Blues Central owner looks back at shift in Anchorage nightlife

mdunham@adn.comFebruary 20, 2014 

Rachel Bayley keeps an eye out for patrons in need of a drink or food as the Ira Sellers Band plays on stage.

MARC LESTER — Anchorage Daily News Buy Photo

Frank Dahl drove the Alaska Highway to Alaska in 1972, leaving his farm roots in Wisconsin in search of adventure.

This weekend the adventure takes a new turn as Blues Central, the nightclub and restaurant he's owned since 1999, hosts its last patrons at a Saturday night jam session. Fixtures, equipment and even the photos on the walls will be sold starting at noon the next day.

On Wednesday, Dahl, who turns 69 in April, sat in a booth at the Spenard watering hole and talked about how the Anchorage bar scene has shifted over the years.

"You can't let people dance on the bar anymore," he said. "The culture has changed."

One big photo on the wall shows customers doing just that, dancing on the bar. Other photos, most of them signed, show famed performers who played the club or at blues concerts that Dahl had a hand in. B.B. King, John Mayall, Ike Turner, Big Bill Morganfield, The Oak Ridge Boys.

Other photos capture long-gone bars from Alaska's wild years: The ladies of the Penguin Club in all their leggy glory. A three-piece country band at the Alibi Club in 1960. The grand opening of the Malamute on Fourth Avenue in 1955.

"I started working managing hotels for Bill Sheffield when I got here," Dahl said. "Then came the pipeline era, and it was one rock'em, sock'em bar scene."

At one time or other he owned the Steak Pit in Fairbanks, Club Valdez, the Frisco Bar in downtown Anchorage, Iliamna Lake Lodge and other off-road properties. He retains ownership of the Pit Bar in Seward.

But Blues Central, which opened as the Chef's Inn in 1964, is heading into the sunset as Dahl prepares to spend more time with his horses near Tucson, Ariz. The State of Alaska, which has offices next door, has bought the property. Dahl said the immediate plans call for remodeling the bar into offices, perhaps adding a second floor. "But the option of tearing it down is always there."

Dahl said getting more sun was only part of the reason for selling his Anchorage bar. Constant meddling by lawmakers and layers of city and state regulations were also taking their toll, he said.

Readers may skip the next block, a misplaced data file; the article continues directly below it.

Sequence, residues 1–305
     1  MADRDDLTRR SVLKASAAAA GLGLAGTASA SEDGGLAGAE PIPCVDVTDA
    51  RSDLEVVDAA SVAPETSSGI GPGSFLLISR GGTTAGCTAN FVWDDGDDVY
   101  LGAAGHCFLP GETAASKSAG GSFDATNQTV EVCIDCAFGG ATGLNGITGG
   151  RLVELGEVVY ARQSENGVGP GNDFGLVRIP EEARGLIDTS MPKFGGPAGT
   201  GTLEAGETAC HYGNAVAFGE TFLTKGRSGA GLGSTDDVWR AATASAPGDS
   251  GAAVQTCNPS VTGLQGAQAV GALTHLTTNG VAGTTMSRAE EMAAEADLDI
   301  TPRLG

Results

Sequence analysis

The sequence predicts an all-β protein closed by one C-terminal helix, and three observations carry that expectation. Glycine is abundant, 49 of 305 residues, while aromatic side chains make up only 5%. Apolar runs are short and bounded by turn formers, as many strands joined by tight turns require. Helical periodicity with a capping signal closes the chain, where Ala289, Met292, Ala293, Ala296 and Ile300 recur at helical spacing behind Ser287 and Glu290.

"Eventually you're looking at one more straw breaking the camel's back," he said. "The hospitality industry is the second largest private employer in Alaska and they treat us like dirt. We're low-hanging fruit, an easy way to show a knee-jerk reaction to constituents."

A case in point, he said, was the municipality's ban on indoor smoking at public facilities: "The ban has hurt us. We used to be full at lunchtime. No more. The people in the ads who say it hasn't hurt their business are just saying that to get some free advertising."

He admits that in the pipeline era, matters sometimes got out of hand: "There were too many crazy things going on. But now the pendulum has swung way the other way. Anchorage used to be a fun city. Not anymore. The pendulum needs to get back to the center. Otherwise, we're going to see more icons like Blues Central go away."

Above all, Blues Central has been a bastion for live music in Anchorage. Dahl said that when he took the place over, he counted 17 bars with bands in town, a number that's now withered to a handful.

Closing the place "was a bittersweet decision to make," he said, adding that he still plans to work with the Alaska Railroad for the annual Blues Train and promote other live music events. "I don't want to sound trite but I consider this to have been an honor and a privilege, to provide stewardship over Blues Central."

Among the high points has been meeting blues giants like B.B. King and Buddy Guy. He often took his guests on fishing trips.

"I'm good friends with Jim Belushi. We went fishing when he played here," he said, gesturing to a photo of Belushi jamming on the tiny Blues Central stage in 2003.

A local band, the Diamonds, plays on Friday night. On Saturday, the club will host one last big blowout jam session for several musicians connected to the place over the years.

At noon on Sunday, and again Monday, the doors will be open for anyone wanting to come in and buy the accoutrements that Dahl is selling off. Those items don't include the name or the liquor license, though that's negotiable.

"If someone had the fire in the belly, I'd love to pass the torch," Dahl said. "Blues Central has a tremendous fan base and those fans would follow it to a different site."

Reach Mike Dunham at mdunham@adn.com or 257-4332.

 

Anchorage Daily News is pleased to provide this opportunity to share information, experiences and observations about what's in the news. Some of the comments may be reprinted elsewhere in the site or in the newspaper. We encourage lively, open debate on the issues of the day, and ask that you refrain from profanity, hate speech, personal comments and remarks that are off point. Thank you for taking the time to offer your thoughts.

Commenting FAQs | Terms of Service